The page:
A new art exhibit opens a yearlong celebration of the Carpenter Center for the Visual Arts, which turns 50 in May.
A team of researchers from Harvard and Wellesley College shows that data gathered from online volunteers can be just as good as data collected in the lab.
Researcher Biju Parekkadan is developing devices that employ cell therapy to help people with organ failure.
Harvard researchers, captivated by a strange coiling behavior in the grasping tendrils of the cucumber plant, have characterized a new type of spring that is soft when pulled gently and stiff when pulled strongly.
The Harvard College Administrative Board is investigating allegations that a significant number of students enrolled in an undergraduate course last semester may have inappropriately collaborated on answers, or plagiarized their classmates’ responses, on the final exam for the course.
For the first time, Harvard’s American Repertory Theater (A.R.T.) and the Yale Repertory Theatre (Yale Rep) are collaborating on a stage production: the world premiere of “Marie Antoinette.”
Nieman Foundation welcomes 24 new fellows, including some who tell their gripping stories using tools beyond words.
The Harvard Law School Library’s “Dying Speeches” collection of English crime broadsides — street literature sold at public executions — is one of the largest in the world and the first to be completely digitized.
Works from Amy Lowell’s collection are showcased in “From Austen to Zola: Amy Lowell as a Collector,” Houghton Library’s fall exhibition. This exhibit opens on Sept. 4 and will run through Jan. 12, 2013.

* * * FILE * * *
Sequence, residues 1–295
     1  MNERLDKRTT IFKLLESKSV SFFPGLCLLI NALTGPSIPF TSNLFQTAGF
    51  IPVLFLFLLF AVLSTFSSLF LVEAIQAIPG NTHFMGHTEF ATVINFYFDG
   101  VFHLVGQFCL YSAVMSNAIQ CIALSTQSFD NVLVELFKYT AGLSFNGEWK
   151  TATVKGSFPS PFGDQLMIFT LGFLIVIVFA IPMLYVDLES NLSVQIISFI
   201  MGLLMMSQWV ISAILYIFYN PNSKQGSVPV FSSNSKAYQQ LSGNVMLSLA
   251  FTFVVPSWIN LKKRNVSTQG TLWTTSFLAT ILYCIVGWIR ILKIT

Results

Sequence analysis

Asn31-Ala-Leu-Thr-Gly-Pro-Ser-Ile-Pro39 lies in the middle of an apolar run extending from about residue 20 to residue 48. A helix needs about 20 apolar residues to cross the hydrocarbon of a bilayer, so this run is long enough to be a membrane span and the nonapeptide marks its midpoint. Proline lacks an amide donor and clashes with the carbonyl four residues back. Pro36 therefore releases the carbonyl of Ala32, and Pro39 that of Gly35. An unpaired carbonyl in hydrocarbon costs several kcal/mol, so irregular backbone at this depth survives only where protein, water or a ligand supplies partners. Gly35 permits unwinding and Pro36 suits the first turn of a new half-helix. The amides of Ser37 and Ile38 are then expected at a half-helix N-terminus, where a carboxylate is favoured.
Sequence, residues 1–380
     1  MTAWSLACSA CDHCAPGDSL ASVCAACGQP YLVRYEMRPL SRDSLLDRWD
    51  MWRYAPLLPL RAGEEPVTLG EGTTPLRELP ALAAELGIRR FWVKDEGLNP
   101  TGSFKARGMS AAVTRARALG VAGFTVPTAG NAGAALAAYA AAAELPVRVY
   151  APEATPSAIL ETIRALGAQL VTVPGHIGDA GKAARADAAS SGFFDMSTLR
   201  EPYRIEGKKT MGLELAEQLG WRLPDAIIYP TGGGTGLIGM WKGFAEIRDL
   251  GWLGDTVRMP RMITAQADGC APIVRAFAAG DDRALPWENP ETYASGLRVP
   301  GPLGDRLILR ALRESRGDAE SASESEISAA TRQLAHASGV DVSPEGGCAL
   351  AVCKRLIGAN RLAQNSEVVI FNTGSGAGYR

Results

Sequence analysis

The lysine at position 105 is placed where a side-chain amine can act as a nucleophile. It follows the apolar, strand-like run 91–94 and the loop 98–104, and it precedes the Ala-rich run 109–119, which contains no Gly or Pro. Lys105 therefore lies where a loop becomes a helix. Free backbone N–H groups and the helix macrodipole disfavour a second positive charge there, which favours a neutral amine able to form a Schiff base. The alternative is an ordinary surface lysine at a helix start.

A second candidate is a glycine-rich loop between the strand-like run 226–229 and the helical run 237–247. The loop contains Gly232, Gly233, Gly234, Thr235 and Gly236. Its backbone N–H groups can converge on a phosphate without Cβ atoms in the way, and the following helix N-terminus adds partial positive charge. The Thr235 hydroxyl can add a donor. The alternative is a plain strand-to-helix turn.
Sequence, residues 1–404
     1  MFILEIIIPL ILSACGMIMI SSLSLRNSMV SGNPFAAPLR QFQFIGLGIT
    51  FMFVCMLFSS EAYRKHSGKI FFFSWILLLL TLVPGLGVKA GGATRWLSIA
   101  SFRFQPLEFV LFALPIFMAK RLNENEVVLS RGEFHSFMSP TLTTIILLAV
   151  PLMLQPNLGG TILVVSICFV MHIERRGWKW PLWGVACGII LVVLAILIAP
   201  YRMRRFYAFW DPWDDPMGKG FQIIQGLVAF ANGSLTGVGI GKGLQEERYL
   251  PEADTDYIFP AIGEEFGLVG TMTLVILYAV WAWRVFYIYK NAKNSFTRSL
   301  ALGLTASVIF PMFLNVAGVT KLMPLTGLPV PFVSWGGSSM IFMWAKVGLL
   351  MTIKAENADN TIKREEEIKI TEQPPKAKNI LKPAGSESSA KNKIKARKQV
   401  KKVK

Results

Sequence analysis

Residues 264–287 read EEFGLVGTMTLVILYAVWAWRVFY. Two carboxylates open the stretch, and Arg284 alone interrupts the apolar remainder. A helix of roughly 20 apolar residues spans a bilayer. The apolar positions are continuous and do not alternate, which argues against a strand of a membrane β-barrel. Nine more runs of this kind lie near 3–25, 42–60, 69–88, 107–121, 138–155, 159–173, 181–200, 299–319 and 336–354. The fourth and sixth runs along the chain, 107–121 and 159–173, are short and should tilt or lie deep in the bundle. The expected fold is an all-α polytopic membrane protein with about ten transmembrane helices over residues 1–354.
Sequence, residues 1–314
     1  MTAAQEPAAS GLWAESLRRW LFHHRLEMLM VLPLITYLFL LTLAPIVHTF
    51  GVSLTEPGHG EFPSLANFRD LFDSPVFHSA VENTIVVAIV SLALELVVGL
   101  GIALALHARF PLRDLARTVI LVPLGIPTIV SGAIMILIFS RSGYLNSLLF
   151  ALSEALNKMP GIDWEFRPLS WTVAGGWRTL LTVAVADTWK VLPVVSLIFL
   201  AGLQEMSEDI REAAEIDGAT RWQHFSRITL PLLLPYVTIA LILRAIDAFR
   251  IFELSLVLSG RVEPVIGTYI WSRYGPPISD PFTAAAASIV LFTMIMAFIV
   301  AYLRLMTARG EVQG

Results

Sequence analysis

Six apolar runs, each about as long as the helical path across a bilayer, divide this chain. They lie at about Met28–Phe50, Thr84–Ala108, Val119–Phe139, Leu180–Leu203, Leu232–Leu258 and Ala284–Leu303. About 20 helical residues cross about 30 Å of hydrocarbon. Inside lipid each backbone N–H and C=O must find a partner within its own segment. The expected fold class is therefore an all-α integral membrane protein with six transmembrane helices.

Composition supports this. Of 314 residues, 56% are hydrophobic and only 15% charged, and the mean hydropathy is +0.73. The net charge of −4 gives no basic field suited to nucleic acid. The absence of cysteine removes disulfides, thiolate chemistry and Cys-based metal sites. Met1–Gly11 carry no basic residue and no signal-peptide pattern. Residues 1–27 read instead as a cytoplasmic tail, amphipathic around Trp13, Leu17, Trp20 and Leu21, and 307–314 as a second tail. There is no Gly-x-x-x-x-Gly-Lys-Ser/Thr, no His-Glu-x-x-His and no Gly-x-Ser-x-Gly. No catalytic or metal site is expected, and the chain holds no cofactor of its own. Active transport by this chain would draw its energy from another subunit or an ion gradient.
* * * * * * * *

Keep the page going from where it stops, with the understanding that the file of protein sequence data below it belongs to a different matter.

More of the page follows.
Roger D. Fisher ’43, LL.B. ’ 48, co-author of the perennial best-selling book “Getting to Yes” and the Williston Professor of Law Emeritus at Harvard University, died Aug. 25 in Hanover, N.H. He was 90 years old.
More than 1,600 undergraduates took the first step yesterday to making Harvard their home for the next four years, as they began arriving early in the morning for the ritual of freshman move-in day.
Applied physicists at the Harvard School of Engineering and Applied Sciences (SEAS) have created an ultrathin, flat lens that focuses light without imparting the distortions of conventional lenses.
An artist and curatorial associate at Arnold Arboretum fuses material she has gathered during her 25-year Harvard career into evocative works of art. Hardy Brown’s first solo exhibit at the Arboretum, “Ex Herbario: Recent Works by Susan Hardy Brown,” is now on view at the Hunnewell Visitor Center through Sept. 16.
For the first time, Harvard scientists have created a type of cyborg tissue by embedding a 3-D network of functional, biocompatible, nanoscale wires into engineered human tissues.
Lawrence D. Bobo has won the American Sociological Association’s Cooley-Mead Award for Distinguished Contributions to Sociological Social Psychology.
A new study on the impact of school vouchers on college enrollments shows that the percentage of African-American students who enrolled part time or full time in college by 2011 was 24 percent higher for those who had won a school voucher lottery and used their voucher to attend a private school.
Baby songbirds learn to sing by imitation, just as human babies do. So researchers at Harvard and Utrecht University, in the Netherlands, have been studying the brains of zebra finches — red-beaked, white-breasted songbirds — for clues to how young birds and human infants learn vocalization on a neuronal level.